TMI sets its sites on national expansion

March 16, 2016, 12:15pm

While Government has taken an overdrive to emancipate locals in the business community in a manner that improves their livelihoods and promote proliferation of the local folk in the economic, business people in the outskirts of the metropolitan cities have somewhat been neglected. Prime Focus Magazine Journalist Rosalia David engages the Project Manager of TMI Holdings Salatiel Kapaangelwa to zoom into the operations of the company, future aspirations and also challenges of the construction sector.

Prime Focus: Could you explain what services and products are offered by TMI offers. Give us a brief background on how and when the company was started?

Kapaangelwa: TMI stands for Tulimo Mekondjo Investment CC, It also has a division known as TMI Industrial Concrete Works.  TMI industrial concrete works specialises in concrete products and curbstones which are used on road construction.

We also have an electrical department where we manufacture cable markers, which are used to mark cable lines.  We also manufacture wall capping, pillar copping and cabs, these products are mostly used on government capital projects including buildings. Government always approach us to supply them with these materials.

TMI was established in September 2009 and we were only making bricks and blocks until we managed to advance in special products that are rare to find especially in the Northern part of Namibia. We also have a division where we install cabs.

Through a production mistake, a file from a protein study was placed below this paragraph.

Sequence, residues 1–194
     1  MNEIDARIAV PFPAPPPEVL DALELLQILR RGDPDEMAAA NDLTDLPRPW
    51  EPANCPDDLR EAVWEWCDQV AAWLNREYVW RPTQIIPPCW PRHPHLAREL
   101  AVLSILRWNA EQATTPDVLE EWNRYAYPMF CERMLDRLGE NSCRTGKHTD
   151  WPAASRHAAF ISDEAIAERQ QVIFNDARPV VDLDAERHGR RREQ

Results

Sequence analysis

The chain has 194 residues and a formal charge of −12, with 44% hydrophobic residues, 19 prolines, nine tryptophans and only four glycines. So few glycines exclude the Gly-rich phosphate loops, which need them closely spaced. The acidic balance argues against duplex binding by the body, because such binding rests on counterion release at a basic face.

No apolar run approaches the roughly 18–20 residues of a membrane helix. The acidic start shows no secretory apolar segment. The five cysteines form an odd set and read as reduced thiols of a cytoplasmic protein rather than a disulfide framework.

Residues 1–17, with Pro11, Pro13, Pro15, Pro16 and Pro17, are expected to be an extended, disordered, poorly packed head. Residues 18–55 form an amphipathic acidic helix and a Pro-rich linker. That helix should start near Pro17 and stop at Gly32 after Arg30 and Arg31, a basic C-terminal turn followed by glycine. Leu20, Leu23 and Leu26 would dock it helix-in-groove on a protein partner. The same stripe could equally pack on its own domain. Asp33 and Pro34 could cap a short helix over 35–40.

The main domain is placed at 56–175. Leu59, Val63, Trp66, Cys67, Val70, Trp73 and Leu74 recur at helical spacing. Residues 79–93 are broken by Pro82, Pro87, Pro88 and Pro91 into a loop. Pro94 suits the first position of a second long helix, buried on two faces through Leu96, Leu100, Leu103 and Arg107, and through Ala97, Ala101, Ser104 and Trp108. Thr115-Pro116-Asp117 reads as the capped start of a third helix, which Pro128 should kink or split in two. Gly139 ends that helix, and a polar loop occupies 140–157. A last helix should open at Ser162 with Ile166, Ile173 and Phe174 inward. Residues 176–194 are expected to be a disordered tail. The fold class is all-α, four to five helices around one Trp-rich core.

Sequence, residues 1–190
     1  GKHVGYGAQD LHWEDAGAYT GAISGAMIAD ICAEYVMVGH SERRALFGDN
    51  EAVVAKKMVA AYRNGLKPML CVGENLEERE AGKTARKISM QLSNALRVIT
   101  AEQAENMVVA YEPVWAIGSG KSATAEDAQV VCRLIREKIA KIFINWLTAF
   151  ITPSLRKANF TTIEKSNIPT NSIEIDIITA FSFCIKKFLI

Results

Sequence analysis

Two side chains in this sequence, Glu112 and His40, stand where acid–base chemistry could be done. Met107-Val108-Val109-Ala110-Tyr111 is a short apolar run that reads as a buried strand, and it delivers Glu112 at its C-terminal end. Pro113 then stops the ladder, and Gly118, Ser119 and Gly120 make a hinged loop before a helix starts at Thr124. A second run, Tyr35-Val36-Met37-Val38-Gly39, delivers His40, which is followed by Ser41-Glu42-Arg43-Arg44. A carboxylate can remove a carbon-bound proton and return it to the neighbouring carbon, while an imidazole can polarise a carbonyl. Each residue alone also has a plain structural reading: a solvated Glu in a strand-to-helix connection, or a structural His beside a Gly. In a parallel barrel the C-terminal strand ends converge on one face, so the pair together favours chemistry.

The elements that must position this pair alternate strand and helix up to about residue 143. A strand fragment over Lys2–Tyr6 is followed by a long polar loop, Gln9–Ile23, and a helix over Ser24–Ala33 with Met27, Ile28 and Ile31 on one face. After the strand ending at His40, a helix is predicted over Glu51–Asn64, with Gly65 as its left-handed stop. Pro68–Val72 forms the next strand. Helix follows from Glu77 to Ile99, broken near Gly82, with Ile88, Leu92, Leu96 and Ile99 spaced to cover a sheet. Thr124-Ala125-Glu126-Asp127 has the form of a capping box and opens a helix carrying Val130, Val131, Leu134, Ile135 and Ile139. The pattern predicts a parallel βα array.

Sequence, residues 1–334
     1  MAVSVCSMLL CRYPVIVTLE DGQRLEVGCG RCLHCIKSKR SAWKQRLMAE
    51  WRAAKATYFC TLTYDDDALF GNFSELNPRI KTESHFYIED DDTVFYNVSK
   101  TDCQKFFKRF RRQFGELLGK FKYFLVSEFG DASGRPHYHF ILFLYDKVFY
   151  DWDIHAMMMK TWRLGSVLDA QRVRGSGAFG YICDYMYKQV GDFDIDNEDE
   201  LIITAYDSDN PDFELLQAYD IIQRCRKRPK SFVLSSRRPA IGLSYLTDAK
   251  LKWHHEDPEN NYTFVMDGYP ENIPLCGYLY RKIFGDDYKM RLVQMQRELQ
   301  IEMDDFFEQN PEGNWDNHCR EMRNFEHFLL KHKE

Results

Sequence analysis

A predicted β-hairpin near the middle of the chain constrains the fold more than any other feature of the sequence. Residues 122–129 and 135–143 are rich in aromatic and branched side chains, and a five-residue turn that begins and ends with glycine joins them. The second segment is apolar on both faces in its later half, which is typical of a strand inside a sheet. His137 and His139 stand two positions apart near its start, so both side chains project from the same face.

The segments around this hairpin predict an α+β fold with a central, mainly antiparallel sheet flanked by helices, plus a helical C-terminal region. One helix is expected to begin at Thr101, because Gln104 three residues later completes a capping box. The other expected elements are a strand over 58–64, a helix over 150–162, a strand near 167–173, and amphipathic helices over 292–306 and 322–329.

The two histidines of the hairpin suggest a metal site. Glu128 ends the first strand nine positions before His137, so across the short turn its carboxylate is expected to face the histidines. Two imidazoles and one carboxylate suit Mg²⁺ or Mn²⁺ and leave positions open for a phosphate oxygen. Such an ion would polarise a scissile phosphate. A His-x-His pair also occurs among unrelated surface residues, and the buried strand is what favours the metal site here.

The reason for starting the business was because we saw that most constructers in the Northern part of Namibia source products from Windhoek and it is very costly to transport these products to the North.

 The other reason was to create employment and with the mindset of not wanting to work for someone else and to make profit of course.  We decided to venture into manufacturing the products we produce to cater for the high demand in the Northern part of the country.

Prime Focus: What are some of the challenges that you have encountered in your operations in the construction industry since 2009?

Kapaangelwa: One of our major challenges was to acquire land because we did not have a site to operate from and it is still a challenge because the places we are operating from are very small and we need a huge area to do our operations.

Another challenge was to do with funds to help us expand our business all over the country. We have also had challenges dealing with competitors who offer the same services as us. Some of the competitors have been in operation for many years and they get public tenders to work on the roads and still to manufacture their own caps stones.